Completion of Phase III and plans for Phase IV
This month, the Biracial Partnerships Program celebrates the completion of Phase III. The process to help bridge and link the diverse racial and cultural elements in our community is underway.

And this is just the beginning! Plans are in the works to kick off Phase IV in early 2005 for 500 people, and to increase that number to 1000 the following year. Eventually, the structure will be in place for thousands more Rochesterians to take the Biracial Partnerships journey.

Rochester a model for Greensboro NC
Meanwhile, as Rochester continues its own journey to a prejudice-free community, it serves as a model for another city almost a thousand miles away. It all started in April of 2004, when Idea Connections CEO Bob Rosenfeld gave a keynote address at the Center for Creative Leadership in Greensboro, NC. He spoke about the program his firm helped to create for the City of Rochester... Two of the guests saw its application to Greensboro. They first approached the Greensboro Mayor and then contacted Idea Connections about implementing the Biracial Partnership Program in their city.

In April of this year Greensboro Mayor Keith Holiday, and Shirley Frye of the Joseph M. Bryan Foundation, traveled to Rochester to meet Mayor Johnson and other leaders who participated in Rochester's Biracial Partnership Program. In Mayor Holliday's words, "We left fired up!" The next step was to approach their city council. They unanimously agreed to move forward.

Greensboro is a little larger than Rochester, and like Rochester, its population is about half people of color and half white. Greensboro's refugee population represents 80 different nations. In 2008 Greensboro will mark its bicentennial and between now and then the city wants to improve the communication and trust among its diverse community members. In 2005 Greensboro will start its third century by planting the seeds of trust and lay the foundation for a more inclusive community.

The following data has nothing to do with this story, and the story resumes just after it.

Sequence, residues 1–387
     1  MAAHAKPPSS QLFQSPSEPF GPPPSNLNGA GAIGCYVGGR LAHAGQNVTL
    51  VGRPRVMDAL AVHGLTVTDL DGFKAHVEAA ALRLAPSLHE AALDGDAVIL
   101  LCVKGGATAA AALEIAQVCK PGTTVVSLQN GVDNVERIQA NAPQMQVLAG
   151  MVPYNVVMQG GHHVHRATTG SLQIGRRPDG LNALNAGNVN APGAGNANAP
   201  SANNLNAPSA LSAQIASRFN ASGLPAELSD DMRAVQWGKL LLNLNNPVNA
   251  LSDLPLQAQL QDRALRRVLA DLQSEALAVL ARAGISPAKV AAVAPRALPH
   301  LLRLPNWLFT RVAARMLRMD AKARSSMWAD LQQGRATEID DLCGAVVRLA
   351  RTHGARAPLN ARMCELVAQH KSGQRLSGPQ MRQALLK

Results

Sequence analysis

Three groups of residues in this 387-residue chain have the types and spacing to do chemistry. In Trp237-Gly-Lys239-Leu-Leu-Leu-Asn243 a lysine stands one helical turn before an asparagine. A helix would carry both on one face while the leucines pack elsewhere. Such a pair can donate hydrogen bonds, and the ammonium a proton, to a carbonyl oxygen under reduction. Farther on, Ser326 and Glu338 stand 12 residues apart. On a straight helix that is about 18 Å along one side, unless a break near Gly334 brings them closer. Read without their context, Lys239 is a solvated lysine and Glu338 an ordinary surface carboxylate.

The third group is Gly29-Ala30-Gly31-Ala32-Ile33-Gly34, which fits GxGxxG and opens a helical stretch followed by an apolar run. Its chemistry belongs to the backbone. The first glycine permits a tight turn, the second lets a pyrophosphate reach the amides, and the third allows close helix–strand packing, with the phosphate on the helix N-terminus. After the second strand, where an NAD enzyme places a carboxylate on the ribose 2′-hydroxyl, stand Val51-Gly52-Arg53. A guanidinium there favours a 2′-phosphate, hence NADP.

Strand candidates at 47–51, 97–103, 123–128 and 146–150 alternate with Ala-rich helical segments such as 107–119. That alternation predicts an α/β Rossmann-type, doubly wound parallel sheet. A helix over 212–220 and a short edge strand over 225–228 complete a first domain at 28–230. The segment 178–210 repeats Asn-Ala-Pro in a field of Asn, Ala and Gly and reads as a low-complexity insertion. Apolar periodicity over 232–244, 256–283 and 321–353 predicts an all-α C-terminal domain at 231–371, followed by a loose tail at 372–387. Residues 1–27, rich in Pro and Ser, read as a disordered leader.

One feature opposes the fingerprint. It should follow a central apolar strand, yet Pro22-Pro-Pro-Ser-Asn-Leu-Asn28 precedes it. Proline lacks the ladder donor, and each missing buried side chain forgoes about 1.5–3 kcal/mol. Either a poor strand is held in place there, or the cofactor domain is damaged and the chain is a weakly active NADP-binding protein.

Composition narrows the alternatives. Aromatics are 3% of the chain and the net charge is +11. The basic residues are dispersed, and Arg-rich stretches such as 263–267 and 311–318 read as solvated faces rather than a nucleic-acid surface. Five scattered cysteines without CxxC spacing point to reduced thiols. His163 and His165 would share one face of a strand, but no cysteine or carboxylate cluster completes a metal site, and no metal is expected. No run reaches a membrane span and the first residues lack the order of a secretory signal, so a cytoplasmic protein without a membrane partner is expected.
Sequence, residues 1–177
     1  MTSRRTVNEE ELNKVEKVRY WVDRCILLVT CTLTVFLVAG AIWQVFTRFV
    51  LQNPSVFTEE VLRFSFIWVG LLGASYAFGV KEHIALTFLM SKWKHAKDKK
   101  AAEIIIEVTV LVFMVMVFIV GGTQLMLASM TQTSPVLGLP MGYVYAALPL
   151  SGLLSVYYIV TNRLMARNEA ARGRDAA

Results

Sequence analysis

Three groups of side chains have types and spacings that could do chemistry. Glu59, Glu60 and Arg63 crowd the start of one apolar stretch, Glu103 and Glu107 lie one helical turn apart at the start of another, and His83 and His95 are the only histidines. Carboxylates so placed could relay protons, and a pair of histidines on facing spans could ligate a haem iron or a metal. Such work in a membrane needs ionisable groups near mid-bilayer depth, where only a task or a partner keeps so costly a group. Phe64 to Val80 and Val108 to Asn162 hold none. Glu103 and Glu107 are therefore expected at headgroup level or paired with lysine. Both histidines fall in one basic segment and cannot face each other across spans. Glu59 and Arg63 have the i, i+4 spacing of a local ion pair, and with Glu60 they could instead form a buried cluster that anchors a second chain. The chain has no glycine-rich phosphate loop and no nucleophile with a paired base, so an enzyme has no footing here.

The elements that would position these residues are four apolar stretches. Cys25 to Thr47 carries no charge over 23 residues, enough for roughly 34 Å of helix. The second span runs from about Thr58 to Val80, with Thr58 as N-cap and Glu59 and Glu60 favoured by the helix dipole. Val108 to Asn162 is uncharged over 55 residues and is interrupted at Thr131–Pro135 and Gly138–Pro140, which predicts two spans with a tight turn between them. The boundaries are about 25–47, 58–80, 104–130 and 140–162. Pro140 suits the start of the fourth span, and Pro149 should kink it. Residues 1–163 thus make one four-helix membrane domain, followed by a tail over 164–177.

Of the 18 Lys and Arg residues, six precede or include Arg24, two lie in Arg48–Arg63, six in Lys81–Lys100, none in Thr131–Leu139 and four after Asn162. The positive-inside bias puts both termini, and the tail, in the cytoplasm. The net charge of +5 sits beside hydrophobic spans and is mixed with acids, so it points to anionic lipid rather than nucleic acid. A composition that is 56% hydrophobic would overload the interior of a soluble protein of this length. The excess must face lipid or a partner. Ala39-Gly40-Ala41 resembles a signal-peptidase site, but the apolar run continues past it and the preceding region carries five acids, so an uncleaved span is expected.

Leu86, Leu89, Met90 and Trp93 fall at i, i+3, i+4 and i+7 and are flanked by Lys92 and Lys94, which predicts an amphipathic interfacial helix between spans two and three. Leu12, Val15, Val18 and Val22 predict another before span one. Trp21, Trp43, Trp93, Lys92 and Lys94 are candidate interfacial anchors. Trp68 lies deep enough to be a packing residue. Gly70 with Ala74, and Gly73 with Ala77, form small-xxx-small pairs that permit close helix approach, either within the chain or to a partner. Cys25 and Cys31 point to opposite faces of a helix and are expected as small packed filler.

Greensboro officials held a press conference on September 13, 2004, announcing the City's decision to implement the Mosaic Partnerships Program over the course of the next three years. (Mosaic Partnerships is the name of the program outside of Rochester). Rochester's Mayor Johnson and his assistant, Rev. Kenneth Dean, were invited to join Greensboro's Mayor Holliday to field questions about the process and results in Rochester. This exchange generated articles in newspapers around the South, including Florida and Louisiana. Other cities have since contacted Idea Connections to find out about implementing a program in their areas.

The Greensboro Bicentennial Mosaic Partnership Program kicks off on Thursday November 18th, 2004 with 180 people and is being funded by a consortium of local foundations. This is the model Idea Connections embraces and hopes to use for Phase IV of the Rochester Biracial Partnerships for Community Progress.

Getting involved
To help realize the dream of establishing Rochester as a prejudice-free zone, a non-profit organization, Odyssey of Humanity, has been formed to raise funds and implement the program. If you or your organization is interested in making a tax-deductible financial or in-kind contribution to Phase IV of the Rochester Biracial Partnerships for Community Progress program, please contact Miguel Rivera, Treasurer of Odyssey of Humanity, at 585-967-6193. New partners are also being actively pursued. If you or your company would like to participate, please contact board member Charlotte Clarke at 585-305-1148.